MacKay says Canadian troops getting results in Libya

Canadian troops in Libya are saving lives and helping to mount pressure on the country's dictator, Moammar Gadhafi, Defence Minister Peter MacKay says ahead of an international meeting in Turkey to discuss Libya.

Canada among delegates in Turkey to discuss aid to Libya's main opposition group

HMCS Vancouver set sail earlier this month for the Mediterranean Sea to support Canada's involvement in the NATO-led mission in Libya. Defence Minister Peter MacKay said Thursday the mission is achieving results. (Chad Hipolito/Canadian Press)

Canadian troops in Libya are saving lives and helping to mount pressure on the country's dictator, Moammar Gadhafi, Defence Minister Peter MacKay said Thursday.

MacKay praised the Canadian Forces personnel involved in the NATO-led mission in Libya during a teleconference Thursday from Naples, Italy, calling them "our greatest citizens and our best ambassadors."

The defence minister met Wednesday with some of the 650 troops stationed at bases in Italy for the operation. Despite the ongoing violence in Libya, MacKay said the Canadian military is helping to achieve "tangible results."

"Our operations in Libya, to be very frank, are saving lives, and they are setting the conditions for the Libyan people to determine their own future," said MacKay. "Because of our operations and other NATO allies, there is mounting pressure on the Gadhafi regime to come into compliance with the UN resolutions. And to be very clear, that is our goal."

NATO members have been conducting airstrikes on Libya and enforcing a no-fly zone since March, and the Canadian commander leading the mission, Lt-Gen. Charles Bouchard, said the operation has been successful in reducing violence against civilians by Gadhafi's troops.

He said during the teleconference that the city of Benghazi is "near normal," but other areas, including the capital of Tripoli, remain "tense." Gadhafi's troops are keeping the population there down and their safety is constantly threatened, he said.

Gadhafi ordered destruction of refineries

Bouchard told reporters that Gadhafi is ordering his forces to destroy facilities, including refineries, if they are forced to retreat from their positions. He wouldn't provide further details about the orders or what other infrastructure might be targeted but said just because Gadhafi has given the instructions, doesn't mean they will be followed. He added that NATO has observed a number of Gadhafi's troops abandoning their posts.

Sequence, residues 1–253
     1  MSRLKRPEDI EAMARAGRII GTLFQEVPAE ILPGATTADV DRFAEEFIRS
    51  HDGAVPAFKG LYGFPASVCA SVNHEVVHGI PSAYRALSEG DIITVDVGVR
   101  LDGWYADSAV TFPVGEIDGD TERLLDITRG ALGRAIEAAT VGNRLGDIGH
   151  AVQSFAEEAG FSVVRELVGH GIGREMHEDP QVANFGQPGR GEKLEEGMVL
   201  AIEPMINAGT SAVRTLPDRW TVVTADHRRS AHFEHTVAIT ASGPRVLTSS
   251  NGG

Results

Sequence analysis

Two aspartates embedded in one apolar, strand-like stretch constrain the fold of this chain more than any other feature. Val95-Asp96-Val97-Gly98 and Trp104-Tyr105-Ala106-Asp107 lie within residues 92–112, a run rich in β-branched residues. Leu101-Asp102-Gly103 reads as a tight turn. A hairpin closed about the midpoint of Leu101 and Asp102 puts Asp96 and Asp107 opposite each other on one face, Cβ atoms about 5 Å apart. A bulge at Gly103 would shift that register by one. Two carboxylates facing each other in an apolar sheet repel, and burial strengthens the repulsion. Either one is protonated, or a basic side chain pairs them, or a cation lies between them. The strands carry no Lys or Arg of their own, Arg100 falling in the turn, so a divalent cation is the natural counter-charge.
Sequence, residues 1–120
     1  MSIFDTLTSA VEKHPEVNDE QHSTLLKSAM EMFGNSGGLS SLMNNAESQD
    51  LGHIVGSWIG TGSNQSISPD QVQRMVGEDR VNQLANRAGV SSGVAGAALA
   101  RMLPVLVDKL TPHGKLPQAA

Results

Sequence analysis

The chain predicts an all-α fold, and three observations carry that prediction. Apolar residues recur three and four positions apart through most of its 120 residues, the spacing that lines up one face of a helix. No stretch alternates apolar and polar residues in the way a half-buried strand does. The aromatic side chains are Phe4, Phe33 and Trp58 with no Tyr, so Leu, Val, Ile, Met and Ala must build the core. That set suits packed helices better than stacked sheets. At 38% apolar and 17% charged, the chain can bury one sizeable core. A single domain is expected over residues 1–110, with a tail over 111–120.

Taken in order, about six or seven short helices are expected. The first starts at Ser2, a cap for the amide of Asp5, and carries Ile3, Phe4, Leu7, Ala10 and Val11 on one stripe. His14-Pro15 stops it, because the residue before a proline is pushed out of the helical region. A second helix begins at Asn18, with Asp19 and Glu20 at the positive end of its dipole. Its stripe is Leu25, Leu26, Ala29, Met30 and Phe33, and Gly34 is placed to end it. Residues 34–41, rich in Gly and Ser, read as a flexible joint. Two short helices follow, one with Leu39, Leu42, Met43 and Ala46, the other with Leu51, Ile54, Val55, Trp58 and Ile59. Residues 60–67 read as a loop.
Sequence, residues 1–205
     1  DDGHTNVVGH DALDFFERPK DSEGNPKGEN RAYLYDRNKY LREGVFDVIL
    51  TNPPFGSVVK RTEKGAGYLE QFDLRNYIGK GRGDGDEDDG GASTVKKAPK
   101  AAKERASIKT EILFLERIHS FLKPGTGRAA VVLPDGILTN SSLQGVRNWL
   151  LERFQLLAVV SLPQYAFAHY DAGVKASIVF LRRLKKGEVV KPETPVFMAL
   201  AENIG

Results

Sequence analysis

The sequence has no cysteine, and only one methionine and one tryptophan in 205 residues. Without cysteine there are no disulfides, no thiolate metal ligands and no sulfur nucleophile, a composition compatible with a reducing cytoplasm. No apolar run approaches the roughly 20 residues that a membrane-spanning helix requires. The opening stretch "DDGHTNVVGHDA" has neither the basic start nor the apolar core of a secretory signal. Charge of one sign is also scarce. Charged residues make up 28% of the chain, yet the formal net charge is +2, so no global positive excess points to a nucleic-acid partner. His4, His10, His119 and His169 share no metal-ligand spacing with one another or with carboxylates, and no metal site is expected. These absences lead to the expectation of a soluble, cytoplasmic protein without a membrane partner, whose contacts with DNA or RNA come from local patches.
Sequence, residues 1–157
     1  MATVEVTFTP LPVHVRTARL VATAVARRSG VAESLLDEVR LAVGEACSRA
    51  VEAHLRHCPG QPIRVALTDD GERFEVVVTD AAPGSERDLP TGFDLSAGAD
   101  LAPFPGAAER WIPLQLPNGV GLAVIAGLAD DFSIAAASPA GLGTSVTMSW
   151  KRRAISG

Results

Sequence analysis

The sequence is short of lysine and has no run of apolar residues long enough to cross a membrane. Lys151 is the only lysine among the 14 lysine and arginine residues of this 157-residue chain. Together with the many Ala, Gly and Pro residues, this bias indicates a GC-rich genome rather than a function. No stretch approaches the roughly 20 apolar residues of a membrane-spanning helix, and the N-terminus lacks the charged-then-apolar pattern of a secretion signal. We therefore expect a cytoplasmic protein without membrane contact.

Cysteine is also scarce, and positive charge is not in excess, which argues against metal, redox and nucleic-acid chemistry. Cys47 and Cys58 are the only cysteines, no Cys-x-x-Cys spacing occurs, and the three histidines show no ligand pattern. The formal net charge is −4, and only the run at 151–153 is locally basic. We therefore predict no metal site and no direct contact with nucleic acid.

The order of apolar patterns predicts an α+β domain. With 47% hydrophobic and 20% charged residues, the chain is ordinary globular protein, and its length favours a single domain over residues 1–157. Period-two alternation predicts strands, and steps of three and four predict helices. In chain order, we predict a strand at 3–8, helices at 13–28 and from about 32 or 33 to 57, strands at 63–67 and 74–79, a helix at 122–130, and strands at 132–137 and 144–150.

"This is a leader that will not hestitate to kill his own population to achieve his personal goals. He has lost all legitimacy to lead his people," said Bouchard.

He said he is confident that the NATO mission would fulfil its mandate issued by the UN.

"We've reduced the violence against civilians and we continue to make great strides to add more stability to the country," he said.

MacKay said the NATO mission aims to get Gadhafi's troops to retreat, provide humanitarian aid and create the conditions for Libyans to determine their own future, which they haven't been able to do under Gadhafi's rule.

Baird to attend meeting on Libya's future

What that future would look like is something MacKay said he didn't want to speculate on and is likely a topic that will be discussed by Foreign Affairs Minister John Baird when he attends a meeting Friday in Turkey with the Contact Group on Libya. The group is made up of foreign ministers, Libyan rebel leaders, NATO and other representatives interested in Libya's political future.

"The post-Gadhafi state or post-Gadhafi world if you will, will clearly require much of the international community's attention, but we're not there yet and so to go any further down the road on this question is pure speculation," he said.

It will be Baird's first time attending a Contact Group meeting. Last month, the new foreign affairs minister visited Libya and met with anti-Gadhafi rebels. Canada is among the countries that have recognized the National Transitional Council as the legitimate representative body of the Libyan people.

NATO has conducted more than 5,600 airstrikes since the end of March, and Canadian CF-18 jets have dropped approximately 399 laser-guided bombs. In addition to air support for the NATO operation, the Canadian Forces has HMCS Charlottetown stationed in the Mediterranean Sea. It will be replaced next month by HMCS Vancouver.

Before MPs left Ottawa for the summer break, they voted to extend Canada's participation in the Libyan mission until the end of September.